Forbidden Lives is a pioneering exploration of Wales’ ‘lost’ LGBT history which explores and uncovers key social and cultural moments, and tells the fascinating stories of significant LGBT figures, from the twelfth century to the modern day. Many of these stories have never been told before.
In Forbidden Lives, leading activist and historian Norena Shopland populates LGBT gaps in the history of Wales, a much neglected part of Welsh heritage. Shopland looks at the reasons for this neglect and guides the reader through the activity behind the recent growth of the LGBT profile in Wales. She also surveys LGBT people and their activity as far back as the twelfth century, when Giraldus Cambrensis reported on ‘bearded women’ and hermaphrodites in his Topographia Hiberniae. Her subjects include Edward II and Hugh Despenser, seventeenth century poet Katherine Philips, the Ladies of Llangollen, Henry Paget, artists Gwen John and Cedric Morris, and actor Cliff Gordon.
Shopland also identifies the scientific and legal contributions of John Randell, MPs Desmond Donnelly and Leo Abse, historian AE Dyson and activist Griff Vaughan Williams, who collectively transformed social and legal attitudes towards LGBT people across the whole of Britain, particularly during the post-war period, which helped to create today’s more liberal culture.
Chapters on the responses to Pride in Wales and We All Fall Down, the first gay play in Britain, show there is still more to achieve. But the stories of the people portrayed in this book are less likely to be repeated: the LGBT community has moved from living forbidden lives to a less forbidding place. Norena Shopland’s groundbreaking book helps us comprehend the struggle for these changes.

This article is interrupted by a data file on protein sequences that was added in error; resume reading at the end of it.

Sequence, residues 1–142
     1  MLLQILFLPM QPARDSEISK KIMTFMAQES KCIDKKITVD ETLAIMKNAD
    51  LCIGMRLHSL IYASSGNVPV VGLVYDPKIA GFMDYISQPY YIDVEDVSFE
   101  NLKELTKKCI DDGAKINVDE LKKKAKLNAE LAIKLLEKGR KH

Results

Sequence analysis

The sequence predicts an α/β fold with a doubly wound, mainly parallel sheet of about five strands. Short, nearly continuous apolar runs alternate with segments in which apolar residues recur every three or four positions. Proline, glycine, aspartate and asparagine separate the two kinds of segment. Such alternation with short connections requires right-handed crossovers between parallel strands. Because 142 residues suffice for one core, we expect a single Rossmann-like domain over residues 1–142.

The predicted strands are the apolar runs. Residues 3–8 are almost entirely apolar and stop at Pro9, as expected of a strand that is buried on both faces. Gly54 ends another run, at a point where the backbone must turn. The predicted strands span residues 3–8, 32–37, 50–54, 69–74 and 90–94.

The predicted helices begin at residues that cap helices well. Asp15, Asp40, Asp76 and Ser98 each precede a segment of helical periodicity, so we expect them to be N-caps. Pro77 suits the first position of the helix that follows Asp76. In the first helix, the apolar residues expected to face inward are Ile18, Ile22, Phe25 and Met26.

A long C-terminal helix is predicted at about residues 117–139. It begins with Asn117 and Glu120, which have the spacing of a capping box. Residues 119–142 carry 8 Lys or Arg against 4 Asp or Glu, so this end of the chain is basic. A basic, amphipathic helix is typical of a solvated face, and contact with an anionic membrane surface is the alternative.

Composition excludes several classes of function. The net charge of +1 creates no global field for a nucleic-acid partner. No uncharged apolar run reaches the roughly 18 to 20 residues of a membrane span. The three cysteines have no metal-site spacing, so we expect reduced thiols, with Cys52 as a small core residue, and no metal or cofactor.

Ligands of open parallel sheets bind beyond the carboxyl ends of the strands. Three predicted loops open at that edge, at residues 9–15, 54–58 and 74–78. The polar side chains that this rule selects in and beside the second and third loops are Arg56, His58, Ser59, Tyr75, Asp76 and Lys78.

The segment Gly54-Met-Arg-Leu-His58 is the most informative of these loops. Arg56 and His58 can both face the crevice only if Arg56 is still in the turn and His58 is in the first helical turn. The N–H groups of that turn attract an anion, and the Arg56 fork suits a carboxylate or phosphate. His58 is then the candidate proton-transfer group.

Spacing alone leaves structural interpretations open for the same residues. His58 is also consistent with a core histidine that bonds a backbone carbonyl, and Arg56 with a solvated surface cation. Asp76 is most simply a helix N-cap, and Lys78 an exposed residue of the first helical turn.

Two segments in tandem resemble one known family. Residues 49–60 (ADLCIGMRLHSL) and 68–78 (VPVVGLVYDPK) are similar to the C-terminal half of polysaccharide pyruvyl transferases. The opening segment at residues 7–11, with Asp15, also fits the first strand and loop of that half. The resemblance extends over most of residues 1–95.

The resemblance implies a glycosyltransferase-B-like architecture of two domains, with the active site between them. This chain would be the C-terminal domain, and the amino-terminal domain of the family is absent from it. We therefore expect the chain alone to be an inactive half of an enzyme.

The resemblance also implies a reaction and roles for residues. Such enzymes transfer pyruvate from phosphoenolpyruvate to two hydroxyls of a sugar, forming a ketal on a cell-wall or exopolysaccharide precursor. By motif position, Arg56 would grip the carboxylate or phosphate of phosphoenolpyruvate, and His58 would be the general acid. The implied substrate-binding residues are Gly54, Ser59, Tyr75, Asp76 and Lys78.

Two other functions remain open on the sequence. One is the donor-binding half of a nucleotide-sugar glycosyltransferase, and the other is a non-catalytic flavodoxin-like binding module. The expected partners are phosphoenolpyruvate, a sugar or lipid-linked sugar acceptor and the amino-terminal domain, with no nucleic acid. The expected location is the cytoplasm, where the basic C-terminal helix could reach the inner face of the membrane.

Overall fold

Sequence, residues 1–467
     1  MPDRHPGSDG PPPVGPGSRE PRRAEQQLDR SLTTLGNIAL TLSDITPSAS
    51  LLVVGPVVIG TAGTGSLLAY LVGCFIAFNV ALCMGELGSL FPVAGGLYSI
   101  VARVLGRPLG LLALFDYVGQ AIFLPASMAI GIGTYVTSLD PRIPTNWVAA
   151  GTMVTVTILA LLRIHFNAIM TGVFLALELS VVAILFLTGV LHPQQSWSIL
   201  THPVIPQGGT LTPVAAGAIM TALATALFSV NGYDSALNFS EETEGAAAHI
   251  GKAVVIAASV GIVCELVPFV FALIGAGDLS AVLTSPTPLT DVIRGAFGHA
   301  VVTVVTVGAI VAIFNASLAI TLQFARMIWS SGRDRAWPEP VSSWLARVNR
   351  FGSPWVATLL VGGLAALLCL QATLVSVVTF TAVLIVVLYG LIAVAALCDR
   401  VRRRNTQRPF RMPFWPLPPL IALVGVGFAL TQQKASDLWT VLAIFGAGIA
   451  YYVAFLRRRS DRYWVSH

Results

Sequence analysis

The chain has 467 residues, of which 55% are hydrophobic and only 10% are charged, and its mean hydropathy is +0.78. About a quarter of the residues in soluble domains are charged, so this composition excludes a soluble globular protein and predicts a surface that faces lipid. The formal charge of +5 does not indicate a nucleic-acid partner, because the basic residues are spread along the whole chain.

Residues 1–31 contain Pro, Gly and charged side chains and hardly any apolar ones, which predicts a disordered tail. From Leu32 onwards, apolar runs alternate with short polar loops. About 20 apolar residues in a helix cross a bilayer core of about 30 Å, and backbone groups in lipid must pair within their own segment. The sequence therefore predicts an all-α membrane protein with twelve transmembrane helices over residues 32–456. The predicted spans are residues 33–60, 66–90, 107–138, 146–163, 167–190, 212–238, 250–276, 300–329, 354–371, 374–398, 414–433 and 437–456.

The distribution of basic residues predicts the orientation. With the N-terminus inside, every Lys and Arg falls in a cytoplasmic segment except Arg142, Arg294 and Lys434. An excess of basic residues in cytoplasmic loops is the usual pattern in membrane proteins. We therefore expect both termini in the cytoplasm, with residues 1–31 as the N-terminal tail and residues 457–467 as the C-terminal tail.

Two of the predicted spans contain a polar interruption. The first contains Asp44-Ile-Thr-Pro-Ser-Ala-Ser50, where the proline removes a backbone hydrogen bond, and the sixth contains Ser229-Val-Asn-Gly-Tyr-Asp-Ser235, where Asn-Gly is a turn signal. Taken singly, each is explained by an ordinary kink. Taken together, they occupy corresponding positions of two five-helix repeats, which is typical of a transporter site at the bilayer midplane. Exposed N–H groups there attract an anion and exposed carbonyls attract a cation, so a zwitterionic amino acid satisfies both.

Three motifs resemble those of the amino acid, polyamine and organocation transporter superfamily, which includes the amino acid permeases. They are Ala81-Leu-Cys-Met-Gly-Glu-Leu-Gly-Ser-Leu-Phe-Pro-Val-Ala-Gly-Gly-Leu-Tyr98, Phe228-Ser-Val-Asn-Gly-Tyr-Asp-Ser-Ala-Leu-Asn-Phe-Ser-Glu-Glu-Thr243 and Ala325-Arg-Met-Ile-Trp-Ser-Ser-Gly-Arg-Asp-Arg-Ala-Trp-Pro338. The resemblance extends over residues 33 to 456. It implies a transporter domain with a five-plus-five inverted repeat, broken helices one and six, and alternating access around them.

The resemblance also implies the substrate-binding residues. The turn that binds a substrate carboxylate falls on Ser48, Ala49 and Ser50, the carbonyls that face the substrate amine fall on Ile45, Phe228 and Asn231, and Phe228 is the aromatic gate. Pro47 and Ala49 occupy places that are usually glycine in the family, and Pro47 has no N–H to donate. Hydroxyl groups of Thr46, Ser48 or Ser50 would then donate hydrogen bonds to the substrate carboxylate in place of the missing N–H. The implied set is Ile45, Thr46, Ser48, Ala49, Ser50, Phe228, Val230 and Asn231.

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Notes to Editors:
About Norena Shopland: Norena Shopland has a Master’s degree in heritage studies and has worked for the British Museum, National Museums Scotland, the Museum of London, National Museums Wales, and Cardiff Story Museum among others.
Shopland has extensively researched the heritage of LGBT people and issues in Wales for 15 years. She devised the first project in Wales to look at placing sexual orientation and gender identity into Welsh history, culminating in the Welsh Pride, the first exhibition exclusively on Welsh LGBT people, allies and events. She also managed Gender Fluidity, the first funded transgender project in Wales. She arranged for Gillian Clarke to write the first poem in the world by a national or poet laureate celebrating the LGBT people of a country. Her work has appeared in the Welsh press, radio and TV and she regularly provides advice and support on the history of LGBT people in Wales. She lectures to staff networks from the Welsh Government, to numerous museums, archives, charities and other events such as BiFest, Sparkle, and Aberration.
About Seren: Seren is an independent publisher specialising in English-language writing from Wales. Seren’s wide-ranging list includes poetry, fiction, translation, biography, art and history. Seren’s authors are shortlisted for – and win – major literary prizes across Britain and America.
2017 Ted Hughes Award Shortlisted: The Immigration Handbook by Caroline Smith
2016 Geoffrey Faber Memorial Prize Winner: The Art of Falling by Kim Moore
2016 Wales Book of the Year, Non Fiction Category Winner: Losing Israel by Jasmine Donahaye
2016 Cross Sports Book Awards Shortlisted: Dark Mermaids by Anne Lauppe-Dunbar
2015 Jerwood Fiction Uncovered Prize: Significance by Jo Mazelis
2014 Costa Poetry Awards Prize-Winner: My Family and Other Superheroes by Jonathan Edwards
2014 T S Eliot Shortlisted: Fauverie by Pascale Petit
2014 Wales Book of the Year, Fiction Category Winner: The Rice Paper Diaries by Francesca Rhydderch